1st cycle" and 1 for "over the 2nd cycle.
7
Furthermore, compared to those working in agriculture, those working in manufacturing
or services are better off.
A comparison of the results from these models (table [A.2]) with those in table [1]
clearly shows that the predicted inequality indicators are signiﬁcantly biased downward.
In a second stage, to increase the R2 ad j , we regress the model over the whole data set,
expecting an increase in the coefﬁcient of determination. We obtain an R2 ad j of 0.5649
for 2000 and an R2 ad j of 0.4695 for 2007, indeed a signiﬁcant improvement observed
only in urban areas. This moderate increase in the R2 ad j for urban areas is caused by the
introduction of one new regressor, the variable “milieu = urban (0) and rural (1).”
However, the increase in R2 ad j does not signiﬁcantly reduce the bias. Following
Newhouse et al. (2014), all parameters for the regression coefﬁcients and the distribu-
tions of the error terms are estimated by feasible generalized least squares (FGLS4 ). We
do not consider the cluster-speciﬁc error terms since the clusters have changed between
the two surveys and are not comparable.5
Since the standard linear regression falls short of estimating our distributional indi-
cators, we ﬁrst use a random forest regression model followed by a quantile regression.
We perform the ﬁrst with p/3 = 5 knots and 500 trees. The pseudoR2 is equal to 0.561
for 2000 and 0.489 for 2007. In the latter case, it is performed for each decile. Table
[A.2] reports ﬁrst the random forest results then those obtained for the quantile regres-
sion for q=0.5. Here, the goodness of ﬁt is measured by R1 (q = 0.5) and is equal to
0.349 for 2000 and 0.289 for 2007. Similar results were obtained for the other deciles.
These results highlight another problem encountered with the regression techniques.
Usually, robust techniques perform very well due even in presence of outliers. Here,
however, we are aiming to predict indices rather than a central tendency because the
“extreme value” in the tails of the distributions are as important as those near the mean.
To sum up, the standard linear regression and the other two methods we tested dras-
tically reduced the variability of the ﬁtted values, which triggered a downward bias in
the distributional indicators.6 Hence, the proposed models failed to reproduce accurate
inequality indicators because of the reduced data variability when the ﬁtted values are
used. In section 4, we propose an iterative algorithm that takes its cue from regression
4 This method is also used because the studentized Breusch-Pagan test (BP = 307.78, df = 29, p-value
< 2.2e − 16) conﬁrms the presence of heteroscedasticity in the OLS model.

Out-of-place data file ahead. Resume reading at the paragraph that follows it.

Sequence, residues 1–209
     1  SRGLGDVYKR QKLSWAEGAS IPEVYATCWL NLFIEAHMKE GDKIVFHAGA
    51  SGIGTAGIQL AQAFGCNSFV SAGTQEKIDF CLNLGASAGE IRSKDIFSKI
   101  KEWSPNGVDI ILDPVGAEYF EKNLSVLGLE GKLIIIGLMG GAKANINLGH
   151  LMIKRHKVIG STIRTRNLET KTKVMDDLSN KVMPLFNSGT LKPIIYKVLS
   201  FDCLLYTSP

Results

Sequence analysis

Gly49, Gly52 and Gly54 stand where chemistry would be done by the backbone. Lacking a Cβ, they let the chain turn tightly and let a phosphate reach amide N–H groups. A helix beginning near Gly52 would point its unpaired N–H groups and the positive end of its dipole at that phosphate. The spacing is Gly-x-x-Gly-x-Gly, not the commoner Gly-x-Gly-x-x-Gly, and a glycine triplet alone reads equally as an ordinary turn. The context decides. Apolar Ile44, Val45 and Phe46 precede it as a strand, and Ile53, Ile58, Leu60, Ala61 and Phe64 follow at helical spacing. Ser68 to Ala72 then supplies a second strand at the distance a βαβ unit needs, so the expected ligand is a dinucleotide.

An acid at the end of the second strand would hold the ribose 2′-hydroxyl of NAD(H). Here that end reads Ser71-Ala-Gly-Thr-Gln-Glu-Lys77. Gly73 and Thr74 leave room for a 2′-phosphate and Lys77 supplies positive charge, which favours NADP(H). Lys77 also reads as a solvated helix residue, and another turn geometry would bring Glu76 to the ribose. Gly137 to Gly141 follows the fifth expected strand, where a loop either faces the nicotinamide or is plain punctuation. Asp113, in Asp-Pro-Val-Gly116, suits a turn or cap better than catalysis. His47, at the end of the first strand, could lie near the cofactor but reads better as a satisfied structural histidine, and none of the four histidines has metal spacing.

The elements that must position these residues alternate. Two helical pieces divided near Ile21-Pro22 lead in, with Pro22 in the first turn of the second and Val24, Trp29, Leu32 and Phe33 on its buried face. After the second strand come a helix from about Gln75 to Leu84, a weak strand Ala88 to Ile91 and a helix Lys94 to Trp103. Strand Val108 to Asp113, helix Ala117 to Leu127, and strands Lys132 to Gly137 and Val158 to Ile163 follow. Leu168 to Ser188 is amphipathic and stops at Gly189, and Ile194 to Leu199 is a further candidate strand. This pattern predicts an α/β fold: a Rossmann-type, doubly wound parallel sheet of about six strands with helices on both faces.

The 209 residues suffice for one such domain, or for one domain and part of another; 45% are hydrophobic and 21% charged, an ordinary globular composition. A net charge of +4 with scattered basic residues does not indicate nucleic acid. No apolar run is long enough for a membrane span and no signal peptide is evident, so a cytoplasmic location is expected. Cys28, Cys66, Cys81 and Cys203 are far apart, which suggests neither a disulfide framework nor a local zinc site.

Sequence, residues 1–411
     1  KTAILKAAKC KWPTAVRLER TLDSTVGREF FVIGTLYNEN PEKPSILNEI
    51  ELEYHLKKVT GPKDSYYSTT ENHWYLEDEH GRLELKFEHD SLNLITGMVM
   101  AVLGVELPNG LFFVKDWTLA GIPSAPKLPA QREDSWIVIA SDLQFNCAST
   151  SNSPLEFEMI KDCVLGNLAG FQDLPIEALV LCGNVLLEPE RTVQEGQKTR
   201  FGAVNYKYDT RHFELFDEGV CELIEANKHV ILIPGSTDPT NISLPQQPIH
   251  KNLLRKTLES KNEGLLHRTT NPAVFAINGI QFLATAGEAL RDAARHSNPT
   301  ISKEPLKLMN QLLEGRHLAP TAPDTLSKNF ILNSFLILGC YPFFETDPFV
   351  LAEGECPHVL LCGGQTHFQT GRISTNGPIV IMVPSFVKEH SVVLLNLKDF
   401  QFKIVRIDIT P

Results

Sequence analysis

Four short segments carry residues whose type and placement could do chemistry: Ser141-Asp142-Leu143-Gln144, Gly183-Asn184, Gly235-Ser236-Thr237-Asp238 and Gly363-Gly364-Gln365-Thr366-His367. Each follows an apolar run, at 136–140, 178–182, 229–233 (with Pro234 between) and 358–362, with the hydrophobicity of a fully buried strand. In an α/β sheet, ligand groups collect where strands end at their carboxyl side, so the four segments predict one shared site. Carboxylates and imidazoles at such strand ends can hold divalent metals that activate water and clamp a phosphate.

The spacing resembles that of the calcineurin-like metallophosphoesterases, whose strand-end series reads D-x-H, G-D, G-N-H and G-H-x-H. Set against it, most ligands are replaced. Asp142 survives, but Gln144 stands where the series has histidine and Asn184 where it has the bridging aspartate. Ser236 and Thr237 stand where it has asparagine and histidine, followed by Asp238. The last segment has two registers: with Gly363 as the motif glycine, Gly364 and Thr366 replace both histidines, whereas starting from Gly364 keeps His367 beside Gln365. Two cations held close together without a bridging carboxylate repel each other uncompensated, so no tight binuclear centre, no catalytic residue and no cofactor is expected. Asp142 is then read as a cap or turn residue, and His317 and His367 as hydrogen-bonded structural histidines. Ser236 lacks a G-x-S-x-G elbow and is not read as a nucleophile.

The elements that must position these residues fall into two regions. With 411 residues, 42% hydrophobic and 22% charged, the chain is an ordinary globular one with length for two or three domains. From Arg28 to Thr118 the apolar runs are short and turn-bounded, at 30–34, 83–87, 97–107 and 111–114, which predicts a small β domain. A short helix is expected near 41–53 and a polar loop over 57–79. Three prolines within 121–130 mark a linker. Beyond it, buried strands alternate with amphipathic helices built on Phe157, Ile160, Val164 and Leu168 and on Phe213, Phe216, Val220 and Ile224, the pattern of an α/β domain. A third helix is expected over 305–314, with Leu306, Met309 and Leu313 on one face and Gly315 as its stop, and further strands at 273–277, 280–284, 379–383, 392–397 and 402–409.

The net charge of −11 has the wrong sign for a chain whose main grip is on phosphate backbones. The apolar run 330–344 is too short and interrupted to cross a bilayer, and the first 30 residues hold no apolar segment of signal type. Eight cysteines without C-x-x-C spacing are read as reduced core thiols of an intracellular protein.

5 Nonetheless, we think that ignoring the cluster-speciﬁc error term is not the correct approach to
obtain sound estimates for a single year. However, it is the only method we can use to avoid introducing
another bias to the predicted values. There is persistent underestimation of the three parameters that is
not improved by this method.
6 The Ordinary Least Squares (OLS) method is based on the minimization of a function based on indi-
vidual values. As is known, the conﬁdence bands for the ﬁtted lines reﬂect the minimum correspondence
of the mean, which increases the error for the extreme values. This is acceptable if the goal is to predict a
central tendency or something correlated with it but could be problematic if the indicators of interest are
based on values in the tail of a distribution.
8
techniques but allows ﬂexibility in the hypothesis of normality, changes the objective
function, and does not use a transformation of the dependent variable.
5 The Proposed Algorithm
The previous section indicates that SSITs based on regression techniques do not accu-
rately predict inequality indicators. From this point on, we propose an algorithm that,
using regression techniques as a point of departure, improves the results by removing
hypotheses that can be too stringent and by changing the function to minimize. Our al-
gorithm is based on the Constrained Optimization by Linear Approximation (COBYLA)
method, a numerical optimization method developed by Powell (2007) and Conn et al.
(1997) for constrained problems where the derivative of the objective function is not
known.
Given a dependent variable, yi , observed on i = 1, . . . , n individuals, and a set of m
covariates Xn×m we predict yi as a linear combination of Xn×m , as follows:
yi = β1 x1i + β2 x2i + . . . + βm xmi (1)
We then deﬁne the objective function to minimize as the sum of the square difference
between the direct estimates of an index, Ind , and its empirical version obtained for the
ﬁtted values, Ine , that is:
J
∑ (Ind − Ine)2j (2)
j=1
Where J is the number of indices used. In this speciﬁc case, we used three indicators:
the Gini index (G), Thiel index (T), and Head Count Ratio (HCR) with an endogenous
poverty line. Equation [2] becomes:
(Gd − Ge )2 + (Td − Te )2 + (HCRd − HCRe )2 (3)
As the dependent variable is, by deﬁnition, non-negative, we introduce the constraint